Alexander Velichko

18.02.2014 – 02.03.2014

Triumph Gallery, Moscow

The artist Alexander Velichko and his detailed, realistic, painted canvases, with their stressed brushstrokes, classical framing and lighting that echoes Caravaggio’s style, all spiced with a humanist conception, entirely matches the goal that has been set — to provide an academic resonance to modern art. His pictures, on the one hand, are within the tradition of the most striking representative of the severe style of Geliy Korzhev, with close-ups, restrained coloration and painstaking modeling of the figures. On the other, on a sensual level, they share something with the highly significant German painter Anselm Kiefer, with his deserted, restrained spaces and sense of catastrophe.


Velichko’s new series, Premonition, is a collection of canvases with soldiers and interiors, empty landscapes and laid tables where real, well detailed characters are in an alarmed, irrational condition that is not subject to logic — the "premonition" itself. A premonition of danger, love, or death. Velichko’s role here is not only aesthetic, it is also ethical — he is here to observe. The doomed concentration in the gaze of the blue-eyed soldier, the pensive sorrow in the face of the girl on the stairway landing, the disturbing emptiness of the streets drenched in rain — Velichko has seen all this in real life. It is his artistic ability that allows him to convey all these shadings of life’s frames of mind in a handmade picture.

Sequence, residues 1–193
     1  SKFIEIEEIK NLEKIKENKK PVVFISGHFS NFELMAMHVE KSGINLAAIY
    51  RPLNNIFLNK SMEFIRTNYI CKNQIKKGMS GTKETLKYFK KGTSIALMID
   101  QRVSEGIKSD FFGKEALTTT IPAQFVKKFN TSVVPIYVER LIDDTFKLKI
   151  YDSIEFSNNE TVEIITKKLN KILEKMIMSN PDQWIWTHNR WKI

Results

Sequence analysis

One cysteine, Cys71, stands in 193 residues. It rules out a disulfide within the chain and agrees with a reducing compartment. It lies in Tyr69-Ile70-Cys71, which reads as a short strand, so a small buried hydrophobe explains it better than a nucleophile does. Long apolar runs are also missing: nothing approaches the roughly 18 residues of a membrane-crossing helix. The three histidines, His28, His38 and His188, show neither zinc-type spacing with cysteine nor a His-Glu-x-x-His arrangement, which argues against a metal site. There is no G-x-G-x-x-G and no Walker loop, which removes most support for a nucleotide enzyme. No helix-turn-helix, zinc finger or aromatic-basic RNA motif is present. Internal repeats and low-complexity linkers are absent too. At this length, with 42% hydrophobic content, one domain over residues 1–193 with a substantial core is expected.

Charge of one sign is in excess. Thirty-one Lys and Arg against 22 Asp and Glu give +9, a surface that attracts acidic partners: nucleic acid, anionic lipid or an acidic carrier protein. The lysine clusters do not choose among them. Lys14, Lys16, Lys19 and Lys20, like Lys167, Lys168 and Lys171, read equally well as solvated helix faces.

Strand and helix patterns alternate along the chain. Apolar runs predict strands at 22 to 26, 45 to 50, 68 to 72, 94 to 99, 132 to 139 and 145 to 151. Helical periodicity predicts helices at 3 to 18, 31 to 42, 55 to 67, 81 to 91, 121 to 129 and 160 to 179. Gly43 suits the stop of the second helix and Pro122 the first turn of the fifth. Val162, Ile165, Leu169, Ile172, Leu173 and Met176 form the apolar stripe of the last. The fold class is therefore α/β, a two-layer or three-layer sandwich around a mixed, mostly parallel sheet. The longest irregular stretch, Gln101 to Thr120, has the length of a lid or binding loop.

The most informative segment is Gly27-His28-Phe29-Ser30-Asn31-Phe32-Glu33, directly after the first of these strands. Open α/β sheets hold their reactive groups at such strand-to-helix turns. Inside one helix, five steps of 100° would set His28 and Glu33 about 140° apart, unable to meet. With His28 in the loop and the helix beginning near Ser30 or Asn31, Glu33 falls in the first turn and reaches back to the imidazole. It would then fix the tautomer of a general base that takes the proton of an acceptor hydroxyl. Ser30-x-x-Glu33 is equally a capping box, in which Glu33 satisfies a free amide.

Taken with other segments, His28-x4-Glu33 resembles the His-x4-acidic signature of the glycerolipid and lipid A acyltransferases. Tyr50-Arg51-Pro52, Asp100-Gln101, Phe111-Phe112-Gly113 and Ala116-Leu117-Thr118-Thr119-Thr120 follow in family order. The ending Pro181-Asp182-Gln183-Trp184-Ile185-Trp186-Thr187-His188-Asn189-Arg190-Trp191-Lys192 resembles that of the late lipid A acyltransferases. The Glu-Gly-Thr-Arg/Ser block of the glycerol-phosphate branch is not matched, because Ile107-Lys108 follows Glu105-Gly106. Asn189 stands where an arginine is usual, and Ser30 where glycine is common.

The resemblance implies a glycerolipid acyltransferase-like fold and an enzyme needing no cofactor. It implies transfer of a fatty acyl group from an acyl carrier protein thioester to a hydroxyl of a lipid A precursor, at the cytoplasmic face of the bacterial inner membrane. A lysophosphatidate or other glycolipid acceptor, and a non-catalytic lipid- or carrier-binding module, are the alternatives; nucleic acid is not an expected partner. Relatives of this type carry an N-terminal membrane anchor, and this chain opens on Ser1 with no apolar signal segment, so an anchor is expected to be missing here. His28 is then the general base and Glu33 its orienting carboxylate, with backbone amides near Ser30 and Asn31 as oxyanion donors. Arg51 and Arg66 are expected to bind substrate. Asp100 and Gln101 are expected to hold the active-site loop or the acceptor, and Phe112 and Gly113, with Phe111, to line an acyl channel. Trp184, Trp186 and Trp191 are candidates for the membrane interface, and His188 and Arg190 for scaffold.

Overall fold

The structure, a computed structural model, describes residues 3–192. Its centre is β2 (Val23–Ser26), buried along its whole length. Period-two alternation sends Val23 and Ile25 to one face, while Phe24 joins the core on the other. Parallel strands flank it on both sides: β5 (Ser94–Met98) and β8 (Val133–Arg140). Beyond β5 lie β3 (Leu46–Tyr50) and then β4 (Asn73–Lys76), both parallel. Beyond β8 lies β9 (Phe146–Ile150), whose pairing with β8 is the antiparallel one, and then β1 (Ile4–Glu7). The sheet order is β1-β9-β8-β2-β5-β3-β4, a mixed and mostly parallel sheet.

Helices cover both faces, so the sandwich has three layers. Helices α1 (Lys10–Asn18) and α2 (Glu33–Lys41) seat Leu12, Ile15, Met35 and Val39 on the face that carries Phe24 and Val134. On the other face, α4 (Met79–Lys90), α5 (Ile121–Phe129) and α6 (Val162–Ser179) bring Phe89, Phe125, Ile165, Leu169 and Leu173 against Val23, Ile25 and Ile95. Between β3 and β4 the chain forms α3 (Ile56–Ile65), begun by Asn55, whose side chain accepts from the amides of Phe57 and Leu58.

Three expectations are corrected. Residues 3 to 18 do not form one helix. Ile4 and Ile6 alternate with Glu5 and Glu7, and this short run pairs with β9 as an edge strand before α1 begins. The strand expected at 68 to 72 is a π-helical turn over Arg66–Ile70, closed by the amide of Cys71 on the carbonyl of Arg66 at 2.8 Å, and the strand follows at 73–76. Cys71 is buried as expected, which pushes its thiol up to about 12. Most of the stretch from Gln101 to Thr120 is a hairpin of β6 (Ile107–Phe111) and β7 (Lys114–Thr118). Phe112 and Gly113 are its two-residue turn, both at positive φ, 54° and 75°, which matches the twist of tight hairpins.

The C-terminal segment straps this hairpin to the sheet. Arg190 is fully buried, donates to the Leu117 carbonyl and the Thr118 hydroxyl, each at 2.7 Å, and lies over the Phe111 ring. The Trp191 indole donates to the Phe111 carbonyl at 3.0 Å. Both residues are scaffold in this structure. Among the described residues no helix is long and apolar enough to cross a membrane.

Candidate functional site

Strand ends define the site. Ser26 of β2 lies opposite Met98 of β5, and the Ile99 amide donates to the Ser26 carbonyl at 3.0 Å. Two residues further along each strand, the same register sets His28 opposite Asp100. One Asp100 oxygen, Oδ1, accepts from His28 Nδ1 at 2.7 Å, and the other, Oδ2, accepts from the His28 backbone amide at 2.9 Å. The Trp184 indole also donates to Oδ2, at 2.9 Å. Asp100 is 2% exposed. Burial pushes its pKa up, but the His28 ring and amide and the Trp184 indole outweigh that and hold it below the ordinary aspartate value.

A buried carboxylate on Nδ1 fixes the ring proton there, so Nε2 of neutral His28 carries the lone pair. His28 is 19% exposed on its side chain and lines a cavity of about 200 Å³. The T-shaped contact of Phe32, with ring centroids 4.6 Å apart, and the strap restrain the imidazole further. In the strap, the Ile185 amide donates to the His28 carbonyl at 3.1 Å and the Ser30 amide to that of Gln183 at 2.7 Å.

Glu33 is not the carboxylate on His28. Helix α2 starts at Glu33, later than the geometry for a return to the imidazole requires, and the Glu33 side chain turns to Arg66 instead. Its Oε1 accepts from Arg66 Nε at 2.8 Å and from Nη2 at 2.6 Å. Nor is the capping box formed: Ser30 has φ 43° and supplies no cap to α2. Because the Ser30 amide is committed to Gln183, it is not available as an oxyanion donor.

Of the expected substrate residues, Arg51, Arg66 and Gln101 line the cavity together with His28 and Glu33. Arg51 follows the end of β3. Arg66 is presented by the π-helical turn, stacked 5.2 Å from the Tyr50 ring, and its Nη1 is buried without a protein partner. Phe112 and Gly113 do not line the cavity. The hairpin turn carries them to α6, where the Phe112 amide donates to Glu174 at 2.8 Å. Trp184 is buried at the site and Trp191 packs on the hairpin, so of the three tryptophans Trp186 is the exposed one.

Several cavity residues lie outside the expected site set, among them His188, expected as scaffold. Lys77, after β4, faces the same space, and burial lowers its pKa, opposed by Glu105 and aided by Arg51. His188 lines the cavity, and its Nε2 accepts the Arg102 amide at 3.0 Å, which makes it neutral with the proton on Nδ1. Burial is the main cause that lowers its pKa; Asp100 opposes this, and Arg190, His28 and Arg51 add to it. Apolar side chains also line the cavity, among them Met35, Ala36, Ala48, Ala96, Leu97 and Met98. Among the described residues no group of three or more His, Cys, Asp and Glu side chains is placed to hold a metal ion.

Apart from the moment of the here and now, in these works there is another layer of time. Premonition is a condition relating to the future. The future is reflected, however, in Velichko’s works, in the images of war and conflict, as well as in a rejection of the "everyday" and the "commonplace". Everything that is "everyday" in his pictures is deserted, abandoned, and outcast. There are many different conceptions of time, one of which assumes that the future is not predetermined, instead constructing itself along the way. For this reason, Velichko’s "premonitions" are gloomy fantasies on this theme. The artist says that "we do not choose premonitions, they choose us". It is this key mystical moment that is definitive in the series. Using the genre of the anti-utopia and images of the First World War, Velichko conveys the transience of time and the anxiety of this condition. The series of works poses many questions, the answers to which are mere guesses. Do the characters in the canvases know that they will be killed? Do they think about this? What if this doesn’t happen? The story that we are talking of here is apolitical, free of lecturing on morals and cautions. Despite the fact that the author himself describes his series as “a very personal story of a person trying to survive on this earth yesterday, today, and tomorrow,” are these fears and goals not a painful wound shared by us all?

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